Hey, hi, hello! How are you? What’s up? Last night I watched Titanic for what feels like the first time since you could only watch it using two VHS tapes. It’s still… exactly what I expected it to be! Also, the government is still shut down, as far as I know, which frankly, is a bummer. I hope you aren’t too affected by it/have a community to help you survive it if you are. Here’s some good news from the past week to help cheer you up.
On its debut full-length album Sistahs, punk band Big Joanie present sisterhood as a microcosm of black feminist liberation. Pairing DIY aesthetics — worn-in cassette-tape hiss and other audio imperfections — with playful instrumental flourishes, the album is as much a declaration of the band’s political vision as it is a refusal to be defined.
Public service announcement ! pic.twitter.com/inpOQAJijK
— Miss Major (@immissmajor) January 16, 2019
Last Wednesday, Ramesh put pen to paper. On the first day of the NCAA’s early signing period, the 17-year-old signed a national letter of intent to play at Northern Arizona University (NAU). Standing at 6-feet, Ramesh is just the second woman born in India to receive a Division I women’s basketball scholarship. The first was Kavita Akula, who is a senior at Grand Canyon University in Phoenix via Garden City Community College in Kansas. Ramesh has never been to the United States, but the connection she forged with the NAU coaching staff has given her the confidence that this choice is the right one.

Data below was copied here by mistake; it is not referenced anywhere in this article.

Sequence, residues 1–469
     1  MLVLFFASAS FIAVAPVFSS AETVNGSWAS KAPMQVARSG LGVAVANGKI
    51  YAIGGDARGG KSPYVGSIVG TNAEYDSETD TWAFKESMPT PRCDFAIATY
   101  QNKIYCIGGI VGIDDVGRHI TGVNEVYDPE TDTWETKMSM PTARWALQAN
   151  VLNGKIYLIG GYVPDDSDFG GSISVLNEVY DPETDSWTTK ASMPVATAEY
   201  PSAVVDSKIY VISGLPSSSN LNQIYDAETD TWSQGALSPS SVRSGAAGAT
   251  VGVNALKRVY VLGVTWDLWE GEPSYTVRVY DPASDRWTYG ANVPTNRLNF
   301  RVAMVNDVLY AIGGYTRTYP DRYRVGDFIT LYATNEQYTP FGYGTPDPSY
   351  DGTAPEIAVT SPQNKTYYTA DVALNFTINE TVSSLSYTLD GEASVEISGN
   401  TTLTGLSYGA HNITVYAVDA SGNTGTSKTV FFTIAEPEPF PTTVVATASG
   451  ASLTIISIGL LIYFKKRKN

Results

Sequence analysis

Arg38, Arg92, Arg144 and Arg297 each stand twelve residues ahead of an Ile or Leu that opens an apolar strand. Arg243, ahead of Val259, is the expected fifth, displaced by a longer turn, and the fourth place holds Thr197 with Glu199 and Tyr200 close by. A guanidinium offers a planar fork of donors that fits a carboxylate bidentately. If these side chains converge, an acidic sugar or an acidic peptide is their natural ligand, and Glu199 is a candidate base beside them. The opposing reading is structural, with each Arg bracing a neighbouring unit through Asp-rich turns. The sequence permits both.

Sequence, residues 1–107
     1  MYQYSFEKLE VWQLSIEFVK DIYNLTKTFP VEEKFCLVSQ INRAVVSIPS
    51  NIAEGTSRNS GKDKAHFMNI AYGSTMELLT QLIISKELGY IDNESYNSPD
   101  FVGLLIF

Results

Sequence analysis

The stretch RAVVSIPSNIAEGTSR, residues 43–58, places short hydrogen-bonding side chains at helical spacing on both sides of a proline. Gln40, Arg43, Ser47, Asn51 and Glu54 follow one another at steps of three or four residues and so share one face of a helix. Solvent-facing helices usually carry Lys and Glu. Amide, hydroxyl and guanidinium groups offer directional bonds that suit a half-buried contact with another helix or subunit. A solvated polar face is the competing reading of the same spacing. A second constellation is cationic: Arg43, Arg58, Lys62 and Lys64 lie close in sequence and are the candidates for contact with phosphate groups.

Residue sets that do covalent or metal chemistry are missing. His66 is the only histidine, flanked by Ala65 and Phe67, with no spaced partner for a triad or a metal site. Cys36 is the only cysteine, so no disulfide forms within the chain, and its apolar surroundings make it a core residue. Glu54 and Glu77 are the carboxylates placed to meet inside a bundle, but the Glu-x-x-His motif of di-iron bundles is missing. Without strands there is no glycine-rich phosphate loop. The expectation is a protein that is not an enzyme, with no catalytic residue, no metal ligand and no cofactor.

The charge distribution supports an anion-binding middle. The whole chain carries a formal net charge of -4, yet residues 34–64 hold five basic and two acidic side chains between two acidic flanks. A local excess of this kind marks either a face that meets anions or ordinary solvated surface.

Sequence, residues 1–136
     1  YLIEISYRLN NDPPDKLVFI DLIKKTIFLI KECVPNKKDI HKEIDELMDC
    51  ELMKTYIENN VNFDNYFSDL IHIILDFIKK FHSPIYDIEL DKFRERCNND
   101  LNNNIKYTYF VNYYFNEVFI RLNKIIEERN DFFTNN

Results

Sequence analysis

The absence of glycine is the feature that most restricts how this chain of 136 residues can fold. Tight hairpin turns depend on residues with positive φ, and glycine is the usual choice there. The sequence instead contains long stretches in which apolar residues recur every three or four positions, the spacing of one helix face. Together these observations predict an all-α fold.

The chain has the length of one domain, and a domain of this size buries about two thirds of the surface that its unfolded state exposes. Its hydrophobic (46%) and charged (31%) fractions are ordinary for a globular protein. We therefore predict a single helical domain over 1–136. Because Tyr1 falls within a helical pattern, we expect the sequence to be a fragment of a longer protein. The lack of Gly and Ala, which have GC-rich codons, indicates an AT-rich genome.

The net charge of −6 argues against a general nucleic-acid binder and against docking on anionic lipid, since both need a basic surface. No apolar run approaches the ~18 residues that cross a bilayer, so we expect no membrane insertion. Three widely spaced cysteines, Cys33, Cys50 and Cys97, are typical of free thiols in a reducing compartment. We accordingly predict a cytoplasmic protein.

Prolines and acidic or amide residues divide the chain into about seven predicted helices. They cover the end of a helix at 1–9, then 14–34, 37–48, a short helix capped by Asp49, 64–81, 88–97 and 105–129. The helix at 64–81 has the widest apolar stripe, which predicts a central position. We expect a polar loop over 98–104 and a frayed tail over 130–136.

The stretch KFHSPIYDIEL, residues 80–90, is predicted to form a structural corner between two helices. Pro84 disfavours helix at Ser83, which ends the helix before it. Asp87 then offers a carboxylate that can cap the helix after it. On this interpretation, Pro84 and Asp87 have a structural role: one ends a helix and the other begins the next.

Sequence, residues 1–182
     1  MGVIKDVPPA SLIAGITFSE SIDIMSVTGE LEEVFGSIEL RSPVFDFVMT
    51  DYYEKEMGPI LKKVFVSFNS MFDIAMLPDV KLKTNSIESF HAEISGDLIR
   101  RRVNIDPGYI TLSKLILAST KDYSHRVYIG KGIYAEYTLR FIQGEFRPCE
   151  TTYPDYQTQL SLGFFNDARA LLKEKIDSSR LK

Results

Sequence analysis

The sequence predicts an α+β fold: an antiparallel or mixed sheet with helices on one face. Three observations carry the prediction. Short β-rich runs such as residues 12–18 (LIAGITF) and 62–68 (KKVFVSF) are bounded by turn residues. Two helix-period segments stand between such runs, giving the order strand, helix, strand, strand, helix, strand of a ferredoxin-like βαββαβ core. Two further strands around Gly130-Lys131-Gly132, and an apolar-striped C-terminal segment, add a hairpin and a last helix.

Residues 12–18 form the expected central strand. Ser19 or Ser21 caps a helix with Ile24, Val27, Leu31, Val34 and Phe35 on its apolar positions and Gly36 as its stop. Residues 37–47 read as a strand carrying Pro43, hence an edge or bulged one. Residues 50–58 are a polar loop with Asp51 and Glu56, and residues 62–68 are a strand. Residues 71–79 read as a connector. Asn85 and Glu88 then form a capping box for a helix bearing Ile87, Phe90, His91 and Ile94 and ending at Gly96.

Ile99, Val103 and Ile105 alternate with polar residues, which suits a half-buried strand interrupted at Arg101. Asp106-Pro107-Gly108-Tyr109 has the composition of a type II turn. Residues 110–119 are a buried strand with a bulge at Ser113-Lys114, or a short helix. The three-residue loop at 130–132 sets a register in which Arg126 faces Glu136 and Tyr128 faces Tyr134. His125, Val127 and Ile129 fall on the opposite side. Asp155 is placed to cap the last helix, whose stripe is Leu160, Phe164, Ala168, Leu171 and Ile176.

For two years, she piloted the class with students in the high school’s gender and sexuality alliance. Then she submitted the course to the school committee for approval, and was shocked when she quickly got the OK.
“I really wanted it to happen, but I knew that it was controversial,” she said. “Gay marriage was still not legal in any state in the country. It was a different time, 17 years ago.”
Barber-Just says she thinks it’s one of the earliest classes of its kind in an American public high school. “I think it was the first,” she said. “Everywhere that I’ve read, it was the first gay and lesbian literature class in a public high school in the United States.”
+ Bigotry? In Governor Laura Kelly’s state? It’s less likely than you think after she reinstated protections for LGBTQ state employees.
As my first official act as Governor, I am reinstating protections to state employees who are gay, lesbian, bisexual or transgender. EO 2019-02 restores rights that were taken away in recent years.
Discrimination of any kind has no place in Kansas. It will not be tolerated. pic.twitter.com/MAi7mFzuYN
— Governor Laura Kelly (@GovLauraKelly) January 15, 2019
Have a beautiful week you weird beautiful nerds.